I really like how all bookstores or libraries are quiet. No one talks above a whisper. It’s like everyone is respecting and listening to the voices from the books. It’s truly magical.
You have no idea how I wish this was the case where I work. However, come 3:00 a bunch of middle school students come in and all of them want to talk at once. I’ve actually had to yell in order to catch their attention and tell them to please SHUT THEIR HOWLING SCREAMERS.
the musician booklover on Flickr.
Did you know pianos can double as bookshelves? Neither did I!
Can I study here everyday please?
Only if I can come with you. I have some serious reading assignments for my masters course. :D
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Beautiful time pieces. Wouldn’t you agree?
Almost done with A Dance with Dragons
Death in the Library. Philip Ketchum. Dell Books #1, published 1943. Cover art by William Strohmer. The first Dell paperback.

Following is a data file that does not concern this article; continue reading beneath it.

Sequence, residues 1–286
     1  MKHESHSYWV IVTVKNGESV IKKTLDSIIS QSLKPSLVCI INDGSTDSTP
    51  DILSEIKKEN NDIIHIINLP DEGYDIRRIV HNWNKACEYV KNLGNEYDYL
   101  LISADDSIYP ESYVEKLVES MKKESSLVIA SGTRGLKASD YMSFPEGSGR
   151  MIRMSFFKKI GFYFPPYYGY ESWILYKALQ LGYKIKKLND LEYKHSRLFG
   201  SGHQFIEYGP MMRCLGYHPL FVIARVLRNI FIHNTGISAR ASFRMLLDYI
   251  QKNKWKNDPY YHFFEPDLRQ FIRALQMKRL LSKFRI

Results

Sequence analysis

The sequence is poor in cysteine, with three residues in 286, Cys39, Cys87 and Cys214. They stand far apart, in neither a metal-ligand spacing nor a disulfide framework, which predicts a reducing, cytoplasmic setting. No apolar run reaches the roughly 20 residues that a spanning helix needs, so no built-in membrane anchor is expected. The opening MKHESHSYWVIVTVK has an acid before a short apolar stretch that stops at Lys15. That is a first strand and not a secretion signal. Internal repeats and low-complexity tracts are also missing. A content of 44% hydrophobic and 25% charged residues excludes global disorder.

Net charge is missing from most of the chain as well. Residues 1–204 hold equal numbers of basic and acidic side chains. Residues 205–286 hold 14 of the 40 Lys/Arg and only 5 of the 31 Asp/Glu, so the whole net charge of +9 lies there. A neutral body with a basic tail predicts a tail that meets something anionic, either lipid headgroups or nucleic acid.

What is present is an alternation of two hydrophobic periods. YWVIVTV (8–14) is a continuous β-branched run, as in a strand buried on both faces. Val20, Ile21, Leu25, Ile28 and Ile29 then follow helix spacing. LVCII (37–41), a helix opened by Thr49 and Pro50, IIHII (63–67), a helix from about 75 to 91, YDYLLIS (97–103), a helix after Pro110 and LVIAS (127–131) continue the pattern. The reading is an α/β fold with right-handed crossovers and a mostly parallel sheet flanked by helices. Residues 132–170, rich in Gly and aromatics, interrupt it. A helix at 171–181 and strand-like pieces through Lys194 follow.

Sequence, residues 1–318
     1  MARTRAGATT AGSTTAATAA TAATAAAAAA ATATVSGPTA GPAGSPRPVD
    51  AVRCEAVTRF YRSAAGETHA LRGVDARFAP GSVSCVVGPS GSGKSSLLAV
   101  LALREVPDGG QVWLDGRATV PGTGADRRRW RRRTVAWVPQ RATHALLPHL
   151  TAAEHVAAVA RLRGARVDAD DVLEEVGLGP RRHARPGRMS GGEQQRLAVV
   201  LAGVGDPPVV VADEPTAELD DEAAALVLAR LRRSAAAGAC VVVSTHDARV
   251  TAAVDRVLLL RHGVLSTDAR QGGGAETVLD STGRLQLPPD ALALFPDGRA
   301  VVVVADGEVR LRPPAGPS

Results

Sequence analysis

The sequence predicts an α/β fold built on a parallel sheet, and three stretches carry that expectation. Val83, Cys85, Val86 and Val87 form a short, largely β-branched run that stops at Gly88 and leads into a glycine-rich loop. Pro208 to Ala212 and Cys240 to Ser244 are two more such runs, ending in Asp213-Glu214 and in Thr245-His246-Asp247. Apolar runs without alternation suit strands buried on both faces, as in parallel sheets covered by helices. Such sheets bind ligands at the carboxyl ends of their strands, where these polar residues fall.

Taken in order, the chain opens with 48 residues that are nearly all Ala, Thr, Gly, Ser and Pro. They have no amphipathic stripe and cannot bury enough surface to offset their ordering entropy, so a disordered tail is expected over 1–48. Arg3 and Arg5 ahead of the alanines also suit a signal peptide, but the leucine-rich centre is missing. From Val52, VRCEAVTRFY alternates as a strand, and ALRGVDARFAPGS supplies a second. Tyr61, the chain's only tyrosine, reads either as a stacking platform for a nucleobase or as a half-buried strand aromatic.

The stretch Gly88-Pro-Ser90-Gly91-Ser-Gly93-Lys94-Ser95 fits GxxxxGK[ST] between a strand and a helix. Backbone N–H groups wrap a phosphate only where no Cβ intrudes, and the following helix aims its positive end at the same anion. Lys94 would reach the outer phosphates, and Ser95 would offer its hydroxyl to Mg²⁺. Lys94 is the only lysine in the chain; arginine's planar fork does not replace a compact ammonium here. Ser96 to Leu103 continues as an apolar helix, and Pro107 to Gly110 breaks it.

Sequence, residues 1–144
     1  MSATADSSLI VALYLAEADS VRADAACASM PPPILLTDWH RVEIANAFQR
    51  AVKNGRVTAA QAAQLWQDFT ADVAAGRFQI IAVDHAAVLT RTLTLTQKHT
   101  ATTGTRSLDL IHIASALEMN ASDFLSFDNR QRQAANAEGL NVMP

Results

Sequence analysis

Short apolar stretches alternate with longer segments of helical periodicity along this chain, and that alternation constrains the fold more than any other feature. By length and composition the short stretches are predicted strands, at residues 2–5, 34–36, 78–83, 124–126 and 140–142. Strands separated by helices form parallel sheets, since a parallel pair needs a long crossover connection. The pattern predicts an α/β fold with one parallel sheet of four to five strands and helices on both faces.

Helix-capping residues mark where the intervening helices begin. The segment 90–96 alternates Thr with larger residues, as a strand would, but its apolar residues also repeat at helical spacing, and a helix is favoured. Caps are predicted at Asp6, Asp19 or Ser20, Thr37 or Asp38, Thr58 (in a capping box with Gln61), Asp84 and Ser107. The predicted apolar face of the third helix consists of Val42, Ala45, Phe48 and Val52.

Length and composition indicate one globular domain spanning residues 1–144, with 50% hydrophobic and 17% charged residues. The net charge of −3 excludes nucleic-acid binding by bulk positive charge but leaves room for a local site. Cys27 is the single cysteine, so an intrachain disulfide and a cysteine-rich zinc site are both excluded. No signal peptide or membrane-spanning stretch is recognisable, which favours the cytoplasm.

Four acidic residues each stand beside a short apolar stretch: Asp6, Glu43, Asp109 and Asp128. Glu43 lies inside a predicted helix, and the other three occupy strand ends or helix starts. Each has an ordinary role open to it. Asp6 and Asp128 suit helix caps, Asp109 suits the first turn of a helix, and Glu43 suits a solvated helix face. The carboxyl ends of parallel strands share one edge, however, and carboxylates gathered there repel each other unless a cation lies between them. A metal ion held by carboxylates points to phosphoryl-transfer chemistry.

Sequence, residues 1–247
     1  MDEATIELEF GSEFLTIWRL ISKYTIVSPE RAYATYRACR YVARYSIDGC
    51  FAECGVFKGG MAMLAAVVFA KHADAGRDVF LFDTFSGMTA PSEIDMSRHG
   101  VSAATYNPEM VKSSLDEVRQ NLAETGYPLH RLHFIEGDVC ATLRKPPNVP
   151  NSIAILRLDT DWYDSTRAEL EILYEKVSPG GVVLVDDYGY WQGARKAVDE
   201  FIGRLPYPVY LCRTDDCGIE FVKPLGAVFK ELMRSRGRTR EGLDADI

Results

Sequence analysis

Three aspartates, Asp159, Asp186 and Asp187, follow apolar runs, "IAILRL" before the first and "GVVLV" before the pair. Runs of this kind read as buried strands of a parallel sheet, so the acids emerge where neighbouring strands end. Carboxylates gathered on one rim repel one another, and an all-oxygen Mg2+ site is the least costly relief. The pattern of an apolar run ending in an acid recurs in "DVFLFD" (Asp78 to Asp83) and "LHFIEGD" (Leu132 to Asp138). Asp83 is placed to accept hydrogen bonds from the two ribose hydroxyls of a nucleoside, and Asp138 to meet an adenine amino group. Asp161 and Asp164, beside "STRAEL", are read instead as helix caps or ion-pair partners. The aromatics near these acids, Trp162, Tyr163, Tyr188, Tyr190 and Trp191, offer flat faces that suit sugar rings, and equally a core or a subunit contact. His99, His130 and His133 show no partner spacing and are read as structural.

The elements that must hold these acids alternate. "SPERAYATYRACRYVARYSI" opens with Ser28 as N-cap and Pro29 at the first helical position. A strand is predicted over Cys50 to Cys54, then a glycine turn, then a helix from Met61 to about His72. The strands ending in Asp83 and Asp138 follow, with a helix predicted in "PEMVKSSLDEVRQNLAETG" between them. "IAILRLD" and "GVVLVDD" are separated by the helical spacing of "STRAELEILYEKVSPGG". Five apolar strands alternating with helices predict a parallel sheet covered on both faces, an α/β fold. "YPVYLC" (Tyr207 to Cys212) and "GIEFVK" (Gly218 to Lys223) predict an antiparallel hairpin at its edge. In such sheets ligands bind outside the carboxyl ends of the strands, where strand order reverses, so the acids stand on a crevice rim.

World War II contributed to the boom for paperbacks, many targeting GIs. The taste for hard-boiled crime writing was reflected in Dell’s first paperback, Death in the Library.
They are more important than you think.
I am not afraid to die, but to think I haven’t lived. That terrifies me.
Illustrated manuscript of The Witchcraft of Dame Darrel of York by Charles Godfrey Leland, humorist, folklorist, poet, and artist. Leland presents the book as an account of witchcraft practiced by Dame Darrel, “the Wise Woman of York,” in medieval England, though the work is primarily based on Leland’s own research and imagination. The majority of the manuscript catalogs various types of fairies, elves, goblins, and other spirits in alphabetical order, but there are also stories and descriptions of spells, all of which are paired with fantastical drawings. If you’re inspired to page through the full volume, the Digital Library record is here. I recommend page 137 for an entry on phasmation or a “fantome.” This manuscript is found in HSP’s Charles Godfrey Leland papers  collection.
Additional fun fact about Leland: our man Charles G. is the Leland of Leland and Boker, authorized printers of the Emancipation Proclamation.
Only someone who is well prepared has the opportunity to improvise.
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